Keep up with the world. Break out of the bubble.
Sign up to our expressly international daily newsletter!
Anne-Sophie Goninet, Jane Herbelin and Bertrand Hauger
October 26, 2021
Welcome to Tuesday, where violence erupts after Sudan's military coup, Australia finally gets onboard with climate change goals, and Harrison Ford stars in Raiders of the Lost Credit Card. From Bogota, we also see what the capture of drug kingpin Otoniel means for Colombia, a country long stained by cocaine trafficking.
[*Nĭhǎo - Mandarin Chinese]
Saving the planet is really a question of dopamine
The elite of the ecologically minded are set to descend on Glasgow next week for the Cop 26 conference on climate change. But beyond debating policy prescriptions, French daily Les Echos explores the role our own brains have on making the right choices for the planet:
Almost every week, a new scientific study alerts us to the degradation of the environment. And yet, we continue not to change anything fundamental in our systems of production and habits of consumption. Are we all suffering from blindness, or poisoned by denial?
In his popular books Le Bug humain (The Human Bug) and Où est le sens? (Where is the Sense?), Sébastien Bohler, a journalist in neuroscience and psychology, provides a much more rational explanation: The mechanism responsible for our propensity to destroy our natural environment is in fact a small, very deep and very primitive structure of our brain called the striatum.
This regulator of human motivation seems to have been programmed to favor behaviors that ensure the survival of the species.
Since the dawn of humanity, gathering information about our environment, feeding ourselves, ensuring the transmission of our genes through sexual intercourse and asserting our social status have all been rewarded with a shot of dopamine, the "pleasure hormone."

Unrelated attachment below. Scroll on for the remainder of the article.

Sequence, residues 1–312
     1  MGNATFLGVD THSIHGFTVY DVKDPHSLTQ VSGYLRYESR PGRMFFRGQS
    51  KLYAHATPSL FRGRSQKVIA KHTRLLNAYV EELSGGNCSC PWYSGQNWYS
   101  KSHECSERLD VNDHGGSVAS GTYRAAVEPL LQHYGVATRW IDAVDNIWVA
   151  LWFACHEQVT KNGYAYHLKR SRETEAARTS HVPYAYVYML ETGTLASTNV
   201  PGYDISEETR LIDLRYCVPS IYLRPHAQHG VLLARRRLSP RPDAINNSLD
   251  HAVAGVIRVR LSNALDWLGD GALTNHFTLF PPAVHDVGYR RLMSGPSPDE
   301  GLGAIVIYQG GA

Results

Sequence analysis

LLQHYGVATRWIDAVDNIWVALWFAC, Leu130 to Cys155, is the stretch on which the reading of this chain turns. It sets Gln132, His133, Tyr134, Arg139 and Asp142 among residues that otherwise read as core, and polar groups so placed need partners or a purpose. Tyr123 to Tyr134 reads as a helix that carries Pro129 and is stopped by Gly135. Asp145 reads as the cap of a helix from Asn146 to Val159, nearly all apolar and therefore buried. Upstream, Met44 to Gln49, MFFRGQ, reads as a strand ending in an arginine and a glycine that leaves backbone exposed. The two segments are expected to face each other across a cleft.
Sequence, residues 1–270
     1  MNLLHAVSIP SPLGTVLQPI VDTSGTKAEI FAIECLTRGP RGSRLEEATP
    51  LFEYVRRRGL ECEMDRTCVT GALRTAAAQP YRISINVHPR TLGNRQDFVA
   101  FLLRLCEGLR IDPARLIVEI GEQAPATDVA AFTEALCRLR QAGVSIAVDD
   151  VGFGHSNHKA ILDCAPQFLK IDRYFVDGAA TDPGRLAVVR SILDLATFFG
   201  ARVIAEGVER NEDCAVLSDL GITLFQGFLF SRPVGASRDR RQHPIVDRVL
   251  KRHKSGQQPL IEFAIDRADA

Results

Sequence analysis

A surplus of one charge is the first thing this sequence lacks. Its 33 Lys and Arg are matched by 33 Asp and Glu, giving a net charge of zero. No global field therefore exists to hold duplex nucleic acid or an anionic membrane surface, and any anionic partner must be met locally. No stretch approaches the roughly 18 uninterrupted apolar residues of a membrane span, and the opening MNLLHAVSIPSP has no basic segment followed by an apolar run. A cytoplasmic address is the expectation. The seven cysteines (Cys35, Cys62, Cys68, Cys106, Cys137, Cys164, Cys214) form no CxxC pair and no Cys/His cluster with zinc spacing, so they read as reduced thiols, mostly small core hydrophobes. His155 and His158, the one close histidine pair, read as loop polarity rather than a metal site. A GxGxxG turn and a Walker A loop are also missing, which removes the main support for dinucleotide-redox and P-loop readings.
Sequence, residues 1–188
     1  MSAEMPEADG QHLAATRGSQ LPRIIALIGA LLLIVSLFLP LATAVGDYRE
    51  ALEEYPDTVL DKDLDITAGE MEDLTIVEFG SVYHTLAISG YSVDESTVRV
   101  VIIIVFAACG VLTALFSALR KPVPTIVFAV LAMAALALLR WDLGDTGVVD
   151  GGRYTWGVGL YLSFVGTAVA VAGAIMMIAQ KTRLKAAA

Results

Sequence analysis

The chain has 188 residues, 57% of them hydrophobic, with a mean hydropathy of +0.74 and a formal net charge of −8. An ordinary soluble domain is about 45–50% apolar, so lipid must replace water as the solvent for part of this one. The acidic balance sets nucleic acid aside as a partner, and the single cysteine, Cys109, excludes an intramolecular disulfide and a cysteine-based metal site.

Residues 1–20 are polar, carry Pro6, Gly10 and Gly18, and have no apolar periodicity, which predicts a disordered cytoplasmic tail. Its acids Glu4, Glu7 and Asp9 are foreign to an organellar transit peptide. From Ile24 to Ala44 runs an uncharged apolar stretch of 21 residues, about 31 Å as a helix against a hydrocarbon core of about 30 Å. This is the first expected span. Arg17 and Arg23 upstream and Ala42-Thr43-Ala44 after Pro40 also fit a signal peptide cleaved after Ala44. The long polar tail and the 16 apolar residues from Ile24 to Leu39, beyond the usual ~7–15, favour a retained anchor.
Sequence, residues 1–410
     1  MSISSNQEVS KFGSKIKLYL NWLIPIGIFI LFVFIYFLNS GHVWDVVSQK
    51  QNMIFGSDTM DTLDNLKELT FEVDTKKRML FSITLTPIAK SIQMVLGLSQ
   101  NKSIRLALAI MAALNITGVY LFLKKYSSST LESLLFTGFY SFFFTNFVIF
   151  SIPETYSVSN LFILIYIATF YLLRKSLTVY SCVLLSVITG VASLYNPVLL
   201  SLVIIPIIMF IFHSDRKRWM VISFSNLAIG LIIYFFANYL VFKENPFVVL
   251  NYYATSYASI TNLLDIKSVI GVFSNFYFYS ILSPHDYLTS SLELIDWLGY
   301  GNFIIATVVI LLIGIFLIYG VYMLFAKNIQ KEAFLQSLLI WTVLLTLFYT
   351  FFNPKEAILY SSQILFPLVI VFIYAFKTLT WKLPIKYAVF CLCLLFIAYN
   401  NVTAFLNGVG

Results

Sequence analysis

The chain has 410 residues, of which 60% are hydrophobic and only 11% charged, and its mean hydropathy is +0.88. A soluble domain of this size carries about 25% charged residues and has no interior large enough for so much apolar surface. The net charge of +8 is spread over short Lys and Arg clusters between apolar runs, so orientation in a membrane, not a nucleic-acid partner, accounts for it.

Nothing has changed since then; except that, in our society of excess, there is no limit to the satisfaction of these needs. This leads to the overconsumption of food and addictions to everything from sex to social media — which together account for much of the world's destructive agricultural and energy practices.
No matter how much we realize that this is leading to our downfall, we can't help but relapse because we are prisoners of the dopamine pump in the striatum, which cannot be switched off.
According to Bohler, the only way out is to encourage the emergence of new values of sobriety, altruism and slowness. If adopted, these more sustainable notions could be recognized by the striatum as new sources of dopamine reward. But there's the challenge of promoting inspiring stories that infuse them with value.
Take the photo-collage exhibition "J'agis ici... et je m'y colle" ("I'm taking action here... and I'm sticking to it"), a collection of life-size portraits of residents committed to the energy transition, displayed on the walls of the French coastal city of La Rochelle.